People often ask me what an appropriate summary presentation is to send a head of the actual presentation, the dreaded "Executive Summary".

Executive summaries and web landing pages have similar objectives. Keep the user hooked long enough to transfer the idea/messages and get her to do something at the end (click "BUY", or reply to the email and set up a meeting).

In web design, people have learned a lot. Use lots of white space, attractive images, links with inviting text that scream "click me", cut out boring non-essential information and put that on pages for people who want to look for it.

The Executive Summary though is still in the 1990s:

  • We expect tat our story is so boring that we need to drag the reader through it as long as we can
  • The solution: cut the amount of pages (maximum 2), anyone can read just 2 pages right?
  • Whoa, how do fit all this information on there: reduce font size
  • We need a big bold vision statement upfront (1 paragraph at least), a big bold vision statement really encourages the reader to keep on reading. Maybe there will be more big bold statements on page 2? Good stuff!
  • The it is important to link our idea to all the latest buzzwords, readers love to hear more of the things they read on the latest tech blogs. Even if it is vaguely related to your idea, put them all in there. Wow, this Executive Summary is all about these great trends? I have to read on!
  • After rereading the Executive Summary, we find that it sort falls out of the blue. We need to tie it into the big things that are happening in society. Mobile phone penetration is huge right now. Social media is changing the way we consume content. (This is especially true for younger people). Gartner and IDC have some good stats and quotes on this, let's add them. The reader must think: I want to read more about this!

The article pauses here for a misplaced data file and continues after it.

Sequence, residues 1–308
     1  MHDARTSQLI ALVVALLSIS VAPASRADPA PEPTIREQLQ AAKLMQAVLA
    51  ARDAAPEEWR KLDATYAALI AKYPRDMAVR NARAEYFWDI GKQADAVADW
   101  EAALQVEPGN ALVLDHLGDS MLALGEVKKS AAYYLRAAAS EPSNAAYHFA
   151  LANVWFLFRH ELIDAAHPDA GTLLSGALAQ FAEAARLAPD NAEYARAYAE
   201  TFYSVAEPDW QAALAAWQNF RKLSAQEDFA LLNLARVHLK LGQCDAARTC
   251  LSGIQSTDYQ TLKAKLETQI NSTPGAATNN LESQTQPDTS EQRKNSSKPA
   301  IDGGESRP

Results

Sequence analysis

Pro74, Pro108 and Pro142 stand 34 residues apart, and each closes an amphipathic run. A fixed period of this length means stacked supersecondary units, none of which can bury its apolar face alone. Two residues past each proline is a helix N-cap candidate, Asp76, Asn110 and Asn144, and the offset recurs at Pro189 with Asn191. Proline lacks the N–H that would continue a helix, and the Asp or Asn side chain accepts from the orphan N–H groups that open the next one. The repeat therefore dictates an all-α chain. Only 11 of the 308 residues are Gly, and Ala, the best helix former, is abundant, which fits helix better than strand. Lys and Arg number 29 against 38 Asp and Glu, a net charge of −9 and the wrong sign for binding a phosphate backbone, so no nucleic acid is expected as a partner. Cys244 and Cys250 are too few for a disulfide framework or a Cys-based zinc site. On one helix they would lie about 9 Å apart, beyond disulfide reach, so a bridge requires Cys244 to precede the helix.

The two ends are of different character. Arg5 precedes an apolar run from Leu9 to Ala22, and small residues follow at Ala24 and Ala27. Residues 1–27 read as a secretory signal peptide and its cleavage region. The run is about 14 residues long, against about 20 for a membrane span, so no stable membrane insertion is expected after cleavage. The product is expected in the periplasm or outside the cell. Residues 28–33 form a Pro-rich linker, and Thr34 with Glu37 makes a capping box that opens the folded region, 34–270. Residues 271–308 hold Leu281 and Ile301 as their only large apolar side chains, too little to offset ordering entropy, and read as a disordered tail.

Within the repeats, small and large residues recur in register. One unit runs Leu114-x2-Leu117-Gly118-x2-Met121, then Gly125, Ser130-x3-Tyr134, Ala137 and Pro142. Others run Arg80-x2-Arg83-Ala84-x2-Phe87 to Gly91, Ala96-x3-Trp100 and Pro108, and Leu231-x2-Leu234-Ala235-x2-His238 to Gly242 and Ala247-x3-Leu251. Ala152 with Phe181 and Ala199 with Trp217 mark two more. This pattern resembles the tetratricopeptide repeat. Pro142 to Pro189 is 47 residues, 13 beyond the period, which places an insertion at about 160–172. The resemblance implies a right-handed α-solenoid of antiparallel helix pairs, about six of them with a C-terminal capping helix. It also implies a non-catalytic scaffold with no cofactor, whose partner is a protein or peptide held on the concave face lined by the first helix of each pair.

• The broader market (TAM) is just absolutely big. We are the only company in this space but the market will grow from $15b (2011 data) to $32.67b in 2014. This size market? These guys have discovered something that I completely missed, must read on.
  • Our technology is absolutely amazing. Let's start with the bottom architecture layer, and build it right up step by step. The "secret sauce" that makes us so scalable and flexible
  •  We are 1.5 pages in, time to introduce the idea. 
  • Oops, what about the team? Five bullets with CV summaries (don't forget the undergraduate degrees, and our hobbies).
  • Squeeze the margins a bit, it just fits.
  • Now copy paste selective paragraphs to put in the cover letter of the email.

This is clearly going to get someone excited (not). Think about your Executive Summary as a landing page that competes for the reader's attention. Make it visual. Make it presentation slides instead of text. Introduce what is you do early. Intrigue her on every page so she clicks through to the next one.

Force feeding Executive Summaries have not resulted in a lot of follow up meetings.

Art: Eduardo Zamacois y Zabala (circa 1841-1871), Taming the Donkey1868

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